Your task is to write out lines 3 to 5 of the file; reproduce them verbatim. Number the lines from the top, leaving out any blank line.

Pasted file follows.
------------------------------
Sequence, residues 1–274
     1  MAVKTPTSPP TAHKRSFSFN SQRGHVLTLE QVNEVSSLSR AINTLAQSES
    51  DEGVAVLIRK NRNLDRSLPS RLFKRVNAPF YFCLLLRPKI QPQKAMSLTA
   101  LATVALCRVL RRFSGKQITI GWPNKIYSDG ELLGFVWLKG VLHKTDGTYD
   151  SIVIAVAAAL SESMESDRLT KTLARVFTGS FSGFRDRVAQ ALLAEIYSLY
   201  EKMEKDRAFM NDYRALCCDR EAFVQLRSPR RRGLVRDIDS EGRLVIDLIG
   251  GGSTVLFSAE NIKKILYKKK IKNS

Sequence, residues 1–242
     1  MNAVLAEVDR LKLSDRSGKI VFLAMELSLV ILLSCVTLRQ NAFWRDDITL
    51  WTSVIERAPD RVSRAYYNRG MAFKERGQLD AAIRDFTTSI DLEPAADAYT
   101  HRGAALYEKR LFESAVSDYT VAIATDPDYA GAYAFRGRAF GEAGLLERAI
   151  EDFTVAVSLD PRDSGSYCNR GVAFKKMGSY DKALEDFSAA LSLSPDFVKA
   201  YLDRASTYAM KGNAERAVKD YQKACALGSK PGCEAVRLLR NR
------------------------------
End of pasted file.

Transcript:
    51  DEGVAVLIRK NRNLDRSLPS RLFKRVNAPF YFCLLLRPKI QPQKAMSLTA
   101  LATVALCRVL RRFSGKQITI GWPNKIYSDG ELLGFVWLKG VLHKTDGTYD
   151  SIVIAVAAAL SESMESDRLT KTLARVFTGS FSGFRDRVAQ ALLAEIYSLY